It’s no secret that media coverage of trans issues – as well as trans people – can often be biased, laced with misinformation and, in worst-case scenarios, slurs.
It should therefore come as no surprise that Australian newspaper Sunday Telegraph, owned by a subsidiary of Rupert Murdoch’s News Corps, last week came under fire for a grossly offensive headline featuring the term ‘tr**ny’.
The widely-condemned term has a controversial history. Some trans people in the public eye have tried to reclaim it – most notably musician Laura Jane Grace, who chose it as the name of her autobiography.
The key term here is reclamation – it's yours to seize back if you've ever been oppressed by it, meaning that the trans community can reclaim it by choice if they so choose. This fact doesn't give media outlets – particularly those with national circulation – licence to use it freely in articles about trans issues. In this context, it's still very much a slur.
Seriously @dailytelegraph??? Like, actually? Two sundays in a row you’ve printed vile, transphobic rubbish. Replace… https://t.co/PGrb1SCDWT
Like many publications, the Sydney newspaper was reporting on Scarlett Johansson’s decision to eventually back out of her role as Dante ‘Tex’ Gill, a trans man, in upcoming film Rub & Tug.
However, its misguided use of nasty language proves that there’s still a long way to go before trans issues are written about respectfully, and with no hint of discrimination.
This is a well-known fact among vast swathes of the LGBT+ community; in the United Kingdom in particular, a series of similarly offensive headlines and misinformed articles have been printed. Some studies were even found to have been authored by transphobic groups and later disproved.
Tensions are especially high in the wake of the government’s recently-announced LGBT Action Plan, which has finally kick-started plans to reform the 2004 Gender Recognition Act. Whispers of a reform circulated late last year, but they were initially delayed by a pushback from – you guessed it! – transphobes.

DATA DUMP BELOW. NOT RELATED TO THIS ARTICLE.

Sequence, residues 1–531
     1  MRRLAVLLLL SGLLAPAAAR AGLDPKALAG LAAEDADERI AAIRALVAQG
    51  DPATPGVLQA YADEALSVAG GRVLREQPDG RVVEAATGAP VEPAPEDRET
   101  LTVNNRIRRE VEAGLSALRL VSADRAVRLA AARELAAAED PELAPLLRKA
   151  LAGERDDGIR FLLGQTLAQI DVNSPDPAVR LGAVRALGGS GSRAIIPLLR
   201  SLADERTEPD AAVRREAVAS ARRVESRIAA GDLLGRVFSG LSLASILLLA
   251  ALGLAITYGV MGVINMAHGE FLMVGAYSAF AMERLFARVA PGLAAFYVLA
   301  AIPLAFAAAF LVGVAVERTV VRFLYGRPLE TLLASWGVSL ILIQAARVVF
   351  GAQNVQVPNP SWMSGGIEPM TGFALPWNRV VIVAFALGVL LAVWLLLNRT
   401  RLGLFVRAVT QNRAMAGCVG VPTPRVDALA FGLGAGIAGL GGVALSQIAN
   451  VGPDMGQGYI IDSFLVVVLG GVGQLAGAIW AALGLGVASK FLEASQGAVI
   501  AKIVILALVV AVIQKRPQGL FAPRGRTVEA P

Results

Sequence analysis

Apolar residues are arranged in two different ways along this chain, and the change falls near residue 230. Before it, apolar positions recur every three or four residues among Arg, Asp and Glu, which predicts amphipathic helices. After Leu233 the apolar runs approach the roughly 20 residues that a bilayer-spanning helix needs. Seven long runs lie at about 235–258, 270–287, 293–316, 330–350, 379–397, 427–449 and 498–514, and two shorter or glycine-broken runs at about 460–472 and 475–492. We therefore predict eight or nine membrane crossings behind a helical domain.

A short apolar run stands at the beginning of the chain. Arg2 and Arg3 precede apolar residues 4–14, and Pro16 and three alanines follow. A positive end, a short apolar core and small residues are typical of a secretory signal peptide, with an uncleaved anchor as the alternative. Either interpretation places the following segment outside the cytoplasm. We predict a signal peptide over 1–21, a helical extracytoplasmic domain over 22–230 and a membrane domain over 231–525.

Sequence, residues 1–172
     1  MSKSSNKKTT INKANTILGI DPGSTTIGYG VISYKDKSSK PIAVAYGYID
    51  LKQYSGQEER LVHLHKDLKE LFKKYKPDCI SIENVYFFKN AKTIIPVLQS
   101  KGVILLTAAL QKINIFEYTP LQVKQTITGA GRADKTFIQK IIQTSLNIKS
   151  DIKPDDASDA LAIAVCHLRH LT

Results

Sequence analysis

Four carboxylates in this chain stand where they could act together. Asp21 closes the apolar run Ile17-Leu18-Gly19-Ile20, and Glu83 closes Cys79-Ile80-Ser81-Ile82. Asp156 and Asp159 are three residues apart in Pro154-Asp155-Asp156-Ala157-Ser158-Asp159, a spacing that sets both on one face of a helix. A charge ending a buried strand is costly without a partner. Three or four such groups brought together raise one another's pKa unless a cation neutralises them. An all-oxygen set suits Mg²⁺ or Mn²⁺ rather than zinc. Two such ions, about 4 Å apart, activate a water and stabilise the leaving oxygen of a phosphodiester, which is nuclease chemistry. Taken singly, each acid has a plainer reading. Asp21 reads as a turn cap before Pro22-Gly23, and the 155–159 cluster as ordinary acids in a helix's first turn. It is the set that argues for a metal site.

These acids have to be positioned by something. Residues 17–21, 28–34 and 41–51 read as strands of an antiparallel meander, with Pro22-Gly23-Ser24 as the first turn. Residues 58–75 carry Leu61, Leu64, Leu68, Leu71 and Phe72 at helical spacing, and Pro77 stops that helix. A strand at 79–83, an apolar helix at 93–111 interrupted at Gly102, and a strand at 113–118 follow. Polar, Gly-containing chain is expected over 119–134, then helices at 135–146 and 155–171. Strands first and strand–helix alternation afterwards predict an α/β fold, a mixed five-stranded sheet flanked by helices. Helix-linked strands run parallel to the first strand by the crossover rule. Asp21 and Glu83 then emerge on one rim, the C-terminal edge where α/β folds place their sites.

Issues like these are precisely why nuanced coverage of trans issues – including Johansson’s incendiary casting as Gill – is desperately needed.
US site INTO led the charge in underlining exactly why the casting was so problematic, and even created a video in which several trans men auditioned for Johansson’s previous roles to hilarious effect.
When reports first revealed that the Hollywood star had accepted the role, Johansson initially brushed off the backlash with a dismissive statement highlighting that other actors such as Matt Bomer and Jeffrey Tambor had played trans roles in the past. She seemingly failed to realise that Tambor, star of Transparent, was fired after being accused of sexual harassment by his trans co-stars, and previously stated a desire to see trans roles portrayed by trans actors in the future.
Now, Johansson is thanking the LGBT+ community for making its voice heard.
In a recent lengthy statement, released alongside an announcement that she was formally giving up the role, she wrote:
Our cultural understanding of transgender people continues to advance, and I’ve learned a lot from the community since making my first statement about my casting and realise it was insensitive.
I have great admiration and love for the trans community and am grateful that the conversation regarding inclusivity in Hollywood continues.
Let’s hope the debate can be discussed in less transphobic terms in the future.